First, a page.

Finally, we sincerely thank Operation BBQ Relief for providing daily meals enjoyed by residents and shared with others in our communities. Operation BBQ Relief is a 501(c)(3) nonprofit organization founded in May 2011. The nonprofit has provided over 9 million meals throughout the United States and internationally following natural disasters and COVID-19 response, and through The Always Serving Project, benefiting the homeless, first responders, veterans, and military members.
Having been staged for weeks in Charlotte County to serve hurricane-impacted victims, Operation BBQ Relief was in shut-down operations the weekend before the gathering. They changed plans when ECCL requested them to meet the needs of residents attending the West Broadway gathering on November 5 & 6. At the outset, we said we would need 1,600 meals daily: separate days and deliveries. They committed to doing what we needed.
Hurricane Ian, one of the most powerful storms to menace the United States in decades, washed away roads, bridges, cars, boats, and homes and knocked out power for millions of people. The storm pulverized roads, toppled trees, gutted downtown storefronts, and set vehicles afloat, leaving a soggy scar of ruined homes and businesses. The scale of the wreckage was staggering, even to Florida residents who had survived and rebuilt after other powerful hurricanes.
Greater Estero did not suffer the full effect of the menace, but selected communities and neighbors did suffer astonishing wreckage, including those on West Broadway. Government and private organizations mobilized to offer support and funds. Neighbors that escaped the worst helped those that didn’t.
Riverwoods Plantation immediately agreed to offer their community Pavilion for the gathering, and they also had a core of volunteer workers to serve more than 1200 meals. They made sure others on West Broadway who could not attend the gathering received a meal.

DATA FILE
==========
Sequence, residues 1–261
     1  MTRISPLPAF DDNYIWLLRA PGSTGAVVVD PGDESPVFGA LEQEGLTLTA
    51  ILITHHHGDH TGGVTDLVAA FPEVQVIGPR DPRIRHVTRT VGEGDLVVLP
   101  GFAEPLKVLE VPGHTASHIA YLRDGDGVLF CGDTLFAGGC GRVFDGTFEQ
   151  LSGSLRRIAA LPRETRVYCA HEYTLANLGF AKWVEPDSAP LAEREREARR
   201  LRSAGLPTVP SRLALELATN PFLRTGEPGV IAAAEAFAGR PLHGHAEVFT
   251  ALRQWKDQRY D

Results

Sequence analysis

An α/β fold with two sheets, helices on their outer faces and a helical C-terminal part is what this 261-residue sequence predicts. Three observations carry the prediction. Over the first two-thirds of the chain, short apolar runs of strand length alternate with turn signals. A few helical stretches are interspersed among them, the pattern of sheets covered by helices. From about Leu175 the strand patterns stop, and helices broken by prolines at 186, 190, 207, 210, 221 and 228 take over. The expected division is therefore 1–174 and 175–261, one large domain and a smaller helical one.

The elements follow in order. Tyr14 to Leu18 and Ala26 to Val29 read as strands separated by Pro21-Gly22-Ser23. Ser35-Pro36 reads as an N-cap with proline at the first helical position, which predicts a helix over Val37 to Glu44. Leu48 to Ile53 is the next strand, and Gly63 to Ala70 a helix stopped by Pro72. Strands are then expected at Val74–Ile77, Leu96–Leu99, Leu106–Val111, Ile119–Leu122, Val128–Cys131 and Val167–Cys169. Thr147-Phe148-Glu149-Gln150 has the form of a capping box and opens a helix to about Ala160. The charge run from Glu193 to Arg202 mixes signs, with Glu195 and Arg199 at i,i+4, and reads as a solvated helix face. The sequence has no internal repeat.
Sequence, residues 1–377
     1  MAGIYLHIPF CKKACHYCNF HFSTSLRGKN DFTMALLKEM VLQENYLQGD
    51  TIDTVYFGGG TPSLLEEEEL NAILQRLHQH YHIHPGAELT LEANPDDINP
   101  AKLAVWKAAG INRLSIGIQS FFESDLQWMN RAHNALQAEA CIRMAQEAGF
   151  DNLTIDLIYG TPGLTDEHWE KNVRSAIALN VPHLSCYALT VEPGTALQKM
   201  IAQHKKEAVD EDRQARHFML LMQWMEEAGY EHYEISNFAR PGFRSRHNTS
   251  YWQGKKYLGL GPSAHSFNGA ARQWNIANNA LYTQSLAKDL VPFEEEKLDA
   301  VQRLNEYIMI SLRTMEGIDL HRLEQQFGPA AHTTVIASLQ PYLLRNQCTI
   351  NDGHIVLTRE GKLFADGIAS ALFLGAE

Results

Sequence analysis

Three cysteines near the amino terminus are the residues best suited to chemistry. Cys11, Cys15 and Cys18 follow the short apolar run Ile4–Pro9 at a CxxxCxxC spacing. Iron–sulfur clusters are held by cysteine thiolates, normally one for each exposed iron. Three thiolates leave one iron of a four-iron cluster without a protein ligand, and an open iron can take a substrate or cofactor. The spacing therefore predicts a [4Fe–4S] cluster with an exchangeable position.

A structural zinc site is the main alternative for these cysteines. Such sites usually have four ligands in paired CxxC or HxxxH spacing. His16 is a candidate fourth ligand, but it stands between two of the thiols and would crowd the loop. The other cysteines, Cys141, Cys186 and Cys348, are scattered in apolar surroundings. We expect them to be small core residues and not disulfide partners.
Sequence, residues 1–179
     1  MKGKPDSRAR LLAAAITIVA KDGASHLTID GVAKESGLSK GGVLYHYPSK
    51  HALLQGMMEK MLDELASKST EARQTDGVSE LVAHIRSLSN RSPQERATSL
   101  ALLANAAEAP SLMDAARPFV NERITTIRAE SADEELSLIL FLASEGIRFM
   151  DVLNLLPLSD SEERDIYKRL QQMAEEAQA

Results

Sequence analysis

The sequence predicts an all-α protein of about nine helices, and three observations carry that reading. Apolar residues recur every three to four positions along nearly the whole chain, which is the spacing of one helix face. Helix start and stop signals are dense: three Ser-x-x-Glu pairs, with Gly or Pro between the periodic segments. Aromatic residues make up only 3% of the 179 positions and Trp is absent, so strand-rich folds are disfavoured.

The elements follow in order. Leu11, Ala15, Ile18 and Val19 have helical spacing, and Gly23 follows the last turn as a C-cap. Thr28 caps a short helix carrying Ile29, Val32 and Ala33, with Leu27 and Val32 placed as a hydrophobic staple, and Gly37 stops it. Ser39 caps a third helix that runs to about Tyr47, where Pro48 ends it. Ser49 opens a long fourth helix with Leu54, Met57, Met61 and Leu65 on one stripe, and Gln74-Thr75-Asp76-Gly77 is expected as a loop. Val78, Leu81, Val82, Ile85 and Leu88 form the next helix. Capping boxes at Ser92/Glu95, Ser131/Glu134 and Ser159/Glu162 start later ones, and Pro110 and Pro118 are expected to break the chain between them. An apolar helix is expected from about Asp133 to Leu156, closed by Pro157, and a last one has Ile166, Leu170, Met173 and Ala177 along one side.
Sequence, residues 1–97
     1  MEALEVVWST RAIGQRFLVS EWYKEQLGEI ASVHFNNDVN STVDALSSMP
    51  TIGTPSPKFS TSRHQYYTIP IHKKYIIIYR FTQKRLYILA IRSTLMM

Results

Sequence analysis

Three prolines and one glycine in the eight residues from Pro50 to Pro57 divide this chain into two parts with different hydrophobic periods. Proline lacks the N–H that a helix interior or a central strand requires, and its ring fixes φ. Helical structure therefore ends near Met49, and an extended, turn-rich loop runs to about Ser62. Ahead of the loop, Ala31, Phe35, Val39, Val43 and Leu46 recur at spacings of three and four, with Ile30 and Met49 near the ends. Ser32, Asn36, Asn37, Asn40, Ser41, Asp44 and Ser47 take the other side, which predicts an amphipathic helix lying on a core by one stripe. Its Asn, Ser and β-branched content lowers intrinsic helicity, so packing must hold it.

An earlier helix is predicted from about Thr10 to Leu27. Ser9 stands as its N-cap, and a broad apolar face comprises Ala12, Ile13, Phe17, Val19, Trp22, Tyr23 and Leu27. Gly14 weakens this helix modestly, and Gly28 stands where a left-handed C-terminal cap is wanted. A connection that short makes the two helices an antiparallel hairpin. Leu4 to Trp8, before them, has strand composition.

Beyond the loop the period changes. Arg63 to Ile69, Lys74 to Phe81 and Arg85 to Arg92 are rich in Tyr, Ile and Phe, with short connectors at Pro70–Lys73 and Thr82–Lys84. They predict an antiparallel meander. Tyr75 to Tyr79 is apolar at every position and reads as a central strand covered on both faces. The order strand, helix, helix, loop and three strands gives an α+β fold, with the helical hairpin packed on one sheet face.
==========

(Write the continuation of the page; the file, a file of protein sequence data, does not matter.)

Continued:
A big thank you to all that volunteered, allowing the ECCL to sponsor the gathering at Riverwoods Plantation Pavilion. Staff from FEMA, SBA, United Way, Estero Forever Foundation, Village of Estero, and other nonprofits provided counseling and support to West Broadway residents. Our efforts must continue.
The ECCL is also providing $7,500 in grants to:
The Riverwoods Plantation Resort – Memorial Fund provides funds to support various projects during the year to assist the community volunteers serving the community – $2,500.00.
First Baptist Church of Estero, Pastor Frank Brand – $2,500.00
Operation Barbeque Relief, nationally recognized relief organization that provided 1,200 meals at West Broadway – $2,500.00.
The ECCL is an all-volunteer, nonpolitical, nonprofit community engagement association.
Our purpose is to increase resident awareness of community issues and encourage resident engagement to impact the quality of life in greater Estero.
What We do, we do with commitment, passion, and pride in our community.
- Our volunteers provide transparency by communicating informed and collective opinions to residents to build trust.
- We conduct research, share findings, seek opportunities, offer solutions, and challenge threats to stimulate resident engagement.
- We organize live and online educational forums to provide knowledgeable and balanced information.
- We collaborate with environmental, water, safety and transportation, community health, and local education organizations, strengthening our voices and increasing favorable community impacts.
Finally, we aspire to have a population of aware and engaged residents, resulting in a community that delivers the quality of life desired by its residents.